EspañolVenezuela’s Bolivarian Revolution faces one of the toughest periods in its 15-year history. Doubts are also growing regarding whether its leader, Nicolás Maduro, will remain in power.
With this backdrop, El Nuevo Herald and the Association of Venezuelan Journalists Abroad (APEVEX) hosted the forum, “Venezuela 2015: The More Likely Scenarios.” It went ahead on Friday in Miami, and approximately 100 participants discussed the economic, social, and political crisis in Venezuela that could potentially bring down Maduro’s regime.
The panel included four distinguished analysts and high-profile representatives from Venezuela’s political opposition: Carlos Vecchio, national coordinator of the Venezuelan Popular Will Party (VP); Horacio Medina, representative of the Venezuelan Democratic Unity Roundtable (MUD); Beatrice Rangel, former chief of staff of Venezuelan President Carlos Andrés Pérez; and Diego Arria, former Venezuelan ambassador to the United Nations.
According to Vecchio, the crisis in Venezuela has been most accentuated by human rights abuses and attacks on the very foundations of democracy: “The majority of the Venezuelan people believe the one who is in power does not know how to handle Venezuela’s problems,” said Vecchio. Now in exile, he affirmed the desperate need for a solution, that people need to “look for an exit to the crisis that Venezuela is currently going through.”
“In my opinion, we are facing an ‘irreversible’ [how Tibisay Lucena of the National Electoral Council would like to call it] political transition in Venezuela,” he added.
On February 12, Vecchio and opposition leaders María Corina Machado, Leopoldo López, and Antonio Ledezma led a series of peaceful protests known as “La Salida” against Nicolás Maduro’s authoritarian regime.
“We are facing a crisis in Venezuela and the questions we asked ourselves were: What should we do? Should we remain quiet? Or should we let our voices be heard? As political leaders we had the moral duty to let the people’s will be heard,” said Vecchio.
On the other hand, former Petróleos de Venezuela (PDSVA) executive Horacio Medina said “Venezuela is going through the most devastating political crisis in our history … There is no democracy in Venezuela. what we have instead, is an authoritarian, militaristic government, with a very strong authoritarian conviction of power,” said Medina.
He added, “the regime still stands because we have yet to come up with a proper strategy.” He suggested the creation of a national union or alliance, “where we can discuss potential strategies and different alternatives to find our way back to democracy.”
Former Ambassador Diego Arria expressed support for the recent protests in Venezuela: “If there are no peaceful protests in Venezuela — to show the regime and the rest of the world that the majority of Venezuelans do not want the country to be handed over to the Cubans, disagree with the destruction of the economy, and with the climate of insecurity — then there will be no other alternatives”.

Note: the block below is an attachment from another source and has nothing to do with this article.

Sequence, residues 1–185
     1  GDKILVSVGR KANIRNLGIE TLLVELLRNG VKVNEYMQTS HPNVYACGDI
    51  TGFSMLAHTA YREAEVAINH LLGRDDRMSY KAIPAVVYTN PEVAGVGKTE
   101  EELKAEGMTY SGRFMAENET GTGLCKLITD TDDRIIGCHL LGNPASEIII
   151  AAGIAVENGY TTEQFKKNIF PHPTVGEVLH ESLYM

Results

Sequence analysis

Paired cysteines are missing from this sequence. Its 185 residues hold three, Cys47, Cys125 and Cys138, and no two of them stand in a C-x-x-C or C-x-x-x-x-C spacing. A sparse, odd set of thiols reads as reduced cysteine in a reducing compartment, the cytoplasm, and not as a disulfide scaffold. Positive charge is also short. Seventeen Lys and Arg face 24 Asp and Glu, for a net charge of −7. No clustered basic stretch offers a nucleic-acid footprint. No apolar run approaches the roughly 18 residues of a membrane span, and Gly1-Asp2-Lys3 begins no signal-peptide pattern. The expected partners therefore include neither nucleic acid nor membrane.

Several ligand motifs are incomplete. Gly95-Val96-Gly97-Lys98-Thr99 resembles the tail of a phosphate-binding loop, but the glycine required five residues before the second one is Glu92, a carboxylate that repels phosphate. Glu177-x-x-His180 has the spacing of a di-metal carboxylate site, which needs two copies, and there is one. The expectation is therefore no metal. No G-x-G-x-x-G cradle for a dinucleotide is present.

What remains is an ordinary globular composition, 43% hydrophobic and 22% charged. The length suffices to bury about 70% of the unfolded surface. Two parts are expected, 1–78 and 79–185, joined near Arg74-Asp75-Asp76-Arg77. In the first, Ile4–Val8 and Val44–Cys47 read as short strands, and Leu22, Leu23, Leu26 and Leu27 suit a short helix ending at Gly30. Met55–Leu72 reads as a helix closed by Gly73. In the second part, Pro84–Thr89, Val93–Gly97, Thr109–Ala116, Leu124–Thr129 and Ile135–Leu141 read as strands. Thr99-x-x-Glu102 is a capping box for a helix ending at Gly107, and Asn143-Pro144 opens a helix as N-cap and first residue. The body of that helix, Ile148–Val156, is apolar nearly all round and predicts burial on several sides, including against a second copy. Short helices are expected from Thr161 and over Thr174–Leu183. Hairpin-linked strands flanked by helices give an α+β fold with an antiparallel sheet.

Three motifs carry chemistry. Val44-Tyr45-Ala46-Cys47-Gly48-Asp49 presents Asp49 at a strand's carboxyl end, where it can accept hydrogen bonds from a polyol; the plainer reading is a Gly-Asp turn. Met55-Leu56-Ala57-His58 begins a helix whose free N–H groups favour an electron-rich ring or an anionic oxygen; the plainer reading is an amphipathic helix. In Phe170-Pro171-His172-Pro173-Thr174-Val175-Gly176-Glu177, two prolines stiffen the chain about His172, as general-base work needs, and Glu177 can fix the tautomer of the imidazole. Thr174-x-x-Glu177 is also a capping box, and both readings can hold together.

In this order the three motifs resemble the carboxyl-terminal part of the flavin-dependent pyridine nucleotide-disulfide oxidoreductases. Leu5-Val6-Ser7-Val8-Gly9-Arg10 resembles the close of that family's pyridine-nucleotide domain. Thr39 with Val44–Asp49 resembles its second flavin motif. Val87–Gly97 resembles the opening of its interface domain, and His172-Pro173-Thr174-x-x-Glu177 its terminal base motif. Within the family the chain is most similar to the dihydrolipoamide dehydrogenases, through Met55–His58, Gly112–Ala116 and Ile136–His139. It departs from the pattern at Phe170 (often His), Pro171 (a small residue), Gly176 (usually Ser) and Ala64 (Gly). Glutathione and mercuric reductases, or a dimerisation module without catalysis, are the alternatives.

Arria also mentioned the importance of the international community’s support throughout the sought-after transition back to democracy for Venezuela. However, he felt compelled to criticize the international organizations’ lack of interest.
Arria mentioned that he supports the pending bill in the United States Senate that would freeze assets and ban visas for Venezuelan officials who are accused of human rights abuses.
The bill was approved by the US House in May, but it is yet to be approved by President Barack Obama and the Democratic Party-dominated Senate.
Beatrice Rangel, one of the other panelists, affirmed the importance of the international community when she said “we need the international community to act as guardians [of democracy] in Venezuela, as all the institutions in Venezuela have been taken [by the regime] and cannot function properly.”
The Opposition’s Role in the 2015 Parliamentary Elections
“If we must, then we will participate in the elections,” proposed MUD representative Horacio Medina. However, Diego Arria criticized the possibility of presenting candidates for next year’s election: “Did the last elections help us in any way? No!” Arria reiterated that in the 2010 parliamentary elections the opposition received the majority of the votes with a 50.36 percentage. But changes to electoral rules gave the government 60 percent of the proportional seats.
“When we vote, we are being the government’s accomplices with our participation,” Arria asserted. He explained that Nicolás Maduro’s regime needs elections to appear as a “democratic” country to the international community.
The organizers did invite the Maduro administration to send a representative to the forum. However, due to “agenda conflicts” they declined the invitation.
— Apevex (@Apevex) July 13, 2014